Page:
This blog is mainly about the governance and future of policing and crime services. (Police & Crime Commissioners feature quite a lot.) But there are also posts about the wider justice system. And because I am town councillor and political activist, local & national issues are covered a little, as well.

Wednesday, October 24, 2012

Prison works

There has been much in the news of late about the need to help prisoners prepare for life beyond the prison walls so that they do not fall back into a life of crime. As I indicate below, this is far easier said than done.

One practical thing that prisons do is to offer employment & skills training to prisoners. This has to be a good thing. (Although I am not proposing anything like the Russian labour camps where the members of Pussy Riot have now been sent, I would add!)

One of the constraints on HM Prisons is that they should not engage prisoners in work that would directly compete against local businesses. It would clearly be unethical and stupidly uneconomic to put local people on the dole just so that prisoners can do their jobs at a vastly lower rate of pay. It is my understanding that this rule often makes locating work for prisoners hard to do.

In my business, I have to be continually thinking about how to make contact with potential clients. One piece of advice I received a few years ago was to identify the organisations / businesses who might either precede or follow on from the work that I do for my clients and find ways to partner with them. I won't bore you with the full story but this got me into a conversation with a Prison Governor about 10 months ago about how he might pair up with banks to find businesses who were about to go bust.

The idea is simple: there are many businesses struggling to make ends meet, are about to default on business loans and probably go bankrupt. At this point everyone loses including all the workers who are made redundant. Why not, just before they go bust, see if it is possible for that business to relocate inside a local jail such that prisoners form part of the workforce. The operating costs would be lower and might just nudge the business back into profit. Now I know this will mean some people still losing their jobs but at least not everyone will lose their jobs - a few people will be kept on to run the business inside the prison. Moreover, it means that the prisoners are engaged in a real business making real money - and learning new skills - perhaps even getting a taste for being a (legal) entrepreneur.

That was the idea and the conversation we had a few months ago. And then last week, I received an email from my Prison Governor friend who told me he has now been seconded to look at this idea and linked ones as part of a wider strategy to innovate in the HM Prisons. We talked yesterday about the extra and linked options. I suggested that perhaps some of the pay that prisoners might be 'earning' could be banked (there are limits on how much cash they can earn whilst in gaol) and then paid out on their release to help them settle back in society.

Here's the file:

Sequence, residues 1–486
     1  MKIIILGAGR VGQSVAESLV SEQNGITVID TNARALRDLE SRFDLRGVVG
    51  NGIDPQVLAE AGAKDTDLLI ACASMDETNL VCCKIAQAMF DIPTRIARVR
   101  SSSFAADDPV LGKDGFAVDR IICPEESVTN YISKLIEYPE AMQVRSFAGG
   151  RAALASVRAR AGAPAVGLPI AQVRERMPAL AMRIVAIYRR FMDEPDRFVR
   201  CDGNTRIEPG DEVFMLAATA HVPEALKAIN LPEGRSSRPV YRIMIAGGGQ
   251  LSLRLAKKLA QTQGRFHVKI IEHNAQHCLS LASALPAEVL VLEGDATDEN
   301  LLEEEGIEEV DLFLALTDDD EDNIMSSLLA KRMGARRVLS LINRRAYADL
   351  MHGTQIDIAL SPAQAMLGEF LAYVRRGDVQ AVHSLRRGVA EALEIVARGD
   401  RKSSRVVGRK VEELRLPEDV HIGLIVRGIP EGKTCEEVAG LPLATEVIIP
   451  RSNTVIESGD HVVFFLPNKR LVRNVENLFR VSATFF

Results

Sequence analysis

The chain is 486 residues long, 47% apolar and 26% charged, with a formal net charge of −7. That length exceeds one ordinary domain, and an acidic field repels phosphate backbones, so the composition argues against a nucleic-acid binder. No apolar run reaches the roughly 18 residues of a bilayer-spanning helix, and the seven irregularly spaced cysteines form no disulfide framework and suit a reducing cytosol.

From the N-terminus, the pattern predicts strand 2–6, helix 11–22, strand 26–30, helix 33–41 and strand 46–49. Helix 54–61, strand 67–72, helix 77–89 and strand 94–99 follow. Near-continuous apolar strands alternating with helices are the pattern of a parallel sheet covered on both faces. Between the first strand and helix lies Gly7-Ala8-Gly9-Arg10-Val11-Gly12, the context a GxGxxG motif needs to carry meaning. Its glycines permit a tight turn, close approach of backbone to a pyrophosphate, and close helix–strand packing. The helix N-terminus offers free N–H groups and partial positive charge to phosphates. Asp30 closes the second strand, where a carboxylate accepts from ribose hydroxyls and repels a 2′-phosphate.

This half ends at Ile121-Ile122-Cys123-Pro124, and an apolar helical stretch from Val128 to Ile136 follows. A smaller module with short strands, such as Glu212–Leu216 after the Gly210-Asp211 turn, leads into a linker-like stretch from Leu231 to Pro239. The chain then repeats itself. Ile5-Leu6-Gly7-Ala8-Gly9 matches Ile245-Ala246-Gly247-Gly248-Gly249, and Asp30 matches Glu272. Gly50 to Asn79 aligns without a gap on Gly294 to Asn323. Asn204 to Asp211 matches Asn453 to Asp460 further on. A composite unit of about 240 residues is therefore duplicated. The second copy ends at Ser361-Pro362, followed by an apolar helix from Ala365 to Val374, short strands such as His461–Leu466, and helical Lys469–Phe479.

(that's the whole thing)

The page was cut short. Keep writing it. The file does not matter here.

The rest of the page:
We also talked about how the FSB, IOD or BCC might be willing to partner with HM Prisons to develop these ideas. The TUC and affiliated trade unions might also be interested in lending a hand as well.

There is more but I won't reveal it all here... but watch this space.

And of course, he is in an ideal position to make contact with the organisations listed above because he is in the public sector. If I were a banker I would be more than willing to engage in a debate about these matters and look for ways to make the idea happen. And I would do this because I would be helping the public services help some prisoners stop re-offending. But if I was a banker and I was approached by G4S or Serco (for example), I might be little less inclined to help them make bigger profits, unless I could take my cut of course....

This is why we should not commodify everything!

Long live innovation and bold thinking in the public services! 


  1. So, you are all in favour of using prisoners as slave labour? I am bitterly disappointed.

    1. Absolutely not. I think with careful design and a balancing of all the interests involved, nearly everyone can win from this. As I said above, my idea includes the possibility that the wages earned by prisoners go into a pot to be accessed on their release.

      What would you propose as way forward? What would work for you?